Otherwise, in the next decade, the U.S. could experience higher unemployment, an 8-9 percent drop in GDP, hyperinflation and a financial crisis that would hurt the poorest of the poor the most, Coburn predicted.
"The history of republics is they average about 200 years of life," and they always "rot from within" over financial issues, the Oklahoma Republican said.
"We need to go after what the real problems are, not the symptoms," despite the "naysayers" on the right and left," he said. "I'm not in the Senate for the Republican Party, I'm in the Senate for America."
Coburn confirmed that this will be his last term in the Senate. "My goal is to do what I think is the best right thing for our country," he said of his crusade against spending.

Friday, December 24, 2010

Voters elected Republicans to end Obamaism, not expand it

An editorial from The Washington Examiner:

It has probably escaped the attention of all but the few who make it their business to pay attention to such things, so we note here that a subtle but dangerous piece of revisionism about the meaning of the November election crept into the national political conversation this week.
Nowhere was that revisionism more evident than in President Obama's comments late Wednesday in lauding the just-ended 111th Congress, and in particular its lame-duck conclusion: "A lot of folks in this town predicted that after the midterm elections, Washington would be headed for more partisanship and more gridlock. And instead, this has been a season of progress for the American people. That progress ... is a reflection of the message that voters sent in November, a message that said it's time to find common ground on challenges facing our country." A few paragraphs later, it became clear that Obama wants us to believe that voters meant for congressional Democrats and Republicans to find that common ground so they can do more of what made the 111th Congress "the most productive two years that we've had in generations."
No, Mr. President, voters in 2010 did not demand bipartisan cooperation in 2011 to advance Obamacare, increase out-of-control federal spending that drove the national debt to $13.4 trillion and the annual deficit to $1.4 trillion, add thousands of bureaucrats to the government payroll even as private-sector unemployment remains near 10 percent, create hundreds more wasteful, duplicative federal programs that mainly benefit Democratic-favorite special interests like Big Labor, impose thousands more growth-killing environmental regulations, or erect multitudes of additional obstacles to achieving energy independence here at home.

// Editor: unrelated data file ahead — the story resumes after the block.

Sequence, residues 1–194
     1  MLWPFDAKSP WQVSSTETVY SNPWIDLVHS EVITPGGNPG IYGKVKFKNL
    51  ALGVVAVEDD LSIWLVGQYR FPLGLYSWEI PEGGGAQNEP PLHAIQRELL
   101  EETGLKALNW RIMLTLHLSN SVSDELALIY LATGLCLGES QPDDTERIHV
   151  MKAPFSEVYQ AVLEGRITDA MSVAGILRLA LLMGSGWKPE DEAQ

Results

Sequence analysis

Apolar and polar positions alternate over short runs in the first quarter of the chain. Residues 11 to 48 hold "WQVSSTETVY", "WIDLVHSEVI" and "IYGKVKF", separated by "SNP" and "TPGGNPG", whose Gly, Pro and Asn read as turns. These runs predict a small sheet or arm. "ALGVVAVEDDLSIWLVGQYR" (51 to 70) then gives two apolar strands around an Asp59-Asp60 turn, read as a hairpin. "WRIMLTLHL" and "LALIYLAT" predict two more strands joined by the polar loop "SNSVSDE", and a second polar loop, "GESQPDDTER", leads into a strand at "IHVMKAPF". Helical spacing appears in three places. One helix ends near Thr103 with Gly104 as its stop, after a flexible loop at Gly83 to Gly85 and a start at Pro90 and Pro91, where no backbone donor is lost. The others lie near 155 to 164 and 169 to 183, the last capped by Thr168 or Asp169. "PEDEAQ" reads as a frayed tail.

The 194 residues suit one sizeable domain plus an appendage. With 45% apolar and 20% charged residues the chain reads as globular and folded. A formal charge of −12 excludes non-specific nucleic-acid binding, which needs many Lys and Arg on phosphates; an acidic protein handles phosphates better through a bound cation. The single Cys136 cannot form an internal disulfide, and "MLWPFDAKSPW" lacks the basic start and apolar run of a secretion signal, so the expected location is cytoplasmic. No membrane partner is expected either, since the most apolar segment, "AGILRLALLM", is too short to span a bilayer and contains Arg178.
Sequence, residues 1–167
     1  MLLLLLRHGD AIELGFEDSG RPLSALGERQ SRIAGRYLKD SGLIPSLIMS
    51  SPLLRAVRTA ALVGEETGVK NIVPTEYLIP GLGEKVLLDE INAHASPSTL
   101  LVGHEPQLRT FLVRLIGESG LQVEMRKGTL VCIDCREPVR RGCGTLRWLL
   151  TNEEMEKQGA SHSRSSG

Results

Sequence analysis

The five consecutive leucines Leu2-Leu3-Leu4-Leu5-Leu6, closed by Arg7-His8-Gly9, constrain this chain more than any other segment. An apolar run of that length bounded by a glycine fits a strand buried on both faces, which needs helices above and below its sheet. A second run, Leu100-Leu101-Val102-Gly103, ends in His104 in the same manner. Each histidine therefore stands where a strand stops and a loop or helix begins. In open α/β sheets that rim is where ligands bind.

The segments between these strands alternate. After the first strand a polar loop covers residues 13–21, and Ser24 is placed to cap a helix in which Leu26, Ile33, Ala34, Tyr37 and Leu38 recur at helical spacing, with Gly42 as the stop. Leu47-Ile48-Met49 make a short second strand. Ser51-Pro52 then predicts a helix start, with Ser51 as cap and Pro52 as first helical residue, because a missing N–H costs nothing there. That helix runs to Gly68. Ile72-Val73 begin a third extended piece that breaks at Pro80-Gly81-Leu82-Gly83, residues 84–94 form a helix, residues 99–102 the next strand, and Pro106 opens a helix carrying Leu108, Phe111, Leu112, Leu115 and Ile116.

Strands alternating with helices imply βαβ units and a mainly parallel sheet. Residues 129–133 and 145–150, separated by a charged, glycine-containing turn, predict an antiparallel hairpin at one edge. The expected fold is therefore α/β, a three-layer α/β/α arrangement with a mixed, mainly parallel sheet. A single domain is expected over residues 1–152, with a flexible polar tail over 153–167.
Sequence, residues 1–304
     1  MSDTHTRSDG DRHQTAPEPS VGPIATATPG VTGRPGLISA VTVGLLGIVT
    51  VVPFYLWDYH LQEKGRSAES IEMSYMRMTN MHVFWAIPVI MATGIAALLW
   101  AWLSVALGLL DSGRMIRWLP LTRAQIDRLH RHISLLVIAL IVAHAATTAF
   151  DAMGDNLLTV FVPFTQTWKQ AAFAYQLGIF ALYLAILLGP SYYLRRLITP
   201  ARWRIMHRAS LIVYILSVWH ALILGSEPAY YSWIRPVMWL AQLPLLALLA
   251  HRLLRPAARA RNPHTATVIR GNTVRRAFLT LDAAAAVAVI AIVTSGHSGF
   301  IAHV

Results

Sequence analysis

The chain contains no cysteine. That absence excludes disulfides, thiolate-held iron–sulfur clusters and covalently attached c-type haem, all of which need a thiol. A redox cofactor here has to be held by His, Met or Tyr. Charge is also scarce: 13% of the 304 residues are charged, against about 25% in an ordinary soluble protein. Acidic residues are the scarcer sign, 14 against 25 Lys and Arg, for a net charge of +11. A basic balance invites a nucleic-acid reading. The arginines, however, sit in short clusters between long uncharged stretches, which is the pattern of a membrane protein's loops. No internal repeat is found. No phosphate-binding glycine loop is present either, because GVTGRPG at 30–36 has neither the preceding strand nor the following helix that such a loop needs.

To be sure, voters have lost patience with the endless partisan harangues, elitist arrogance, political corruption, and hypocritical pandering to special interests that long ago came to define Washington and its professional politicians in both parties. That was why Republicans were tossed out of congressional power in 2006. The same factors further coalesced in 2010 with disgust with Obamacare, the failed $814 billion economic stimulus program, the "Always Apologize for America" foreign policy, and exploding spending and debt. The result was that voters tossed Democrats out of control of the House and handed Republicans their deepest midterm election victory since 1938. Only in a liberal fantasy world does such an electoral result represent an electorate demanding bipartisan cooperation for more of the same.
Historians may someday describe the just-ended lame-duck session as the high-water mark of Big Government. Come Jan. 5, the reality of what voters did on Nov. 2 will become incontestably clear as a Republican House majority takes office. Then, as Sen. Tom Coburn said Wednesday, henceforth, "there will be no more big spending bills." The new year cannot come too soon.

'We the people' to open next Congress

House to read Constitution

From The Washington Times:

The Constitution frequently gets lip service in Congress, but House Republicans next year will make sure it gets a lot more than that - the new rules the incoming majority party proposed this week call for a full reading of the country's founding document on the floor of the House on Jan. 6.
The goal, backers said, is to underscore the limited-government rules the Founders imposed on Congress - and to try to bring some of those principles back into everyday legislating.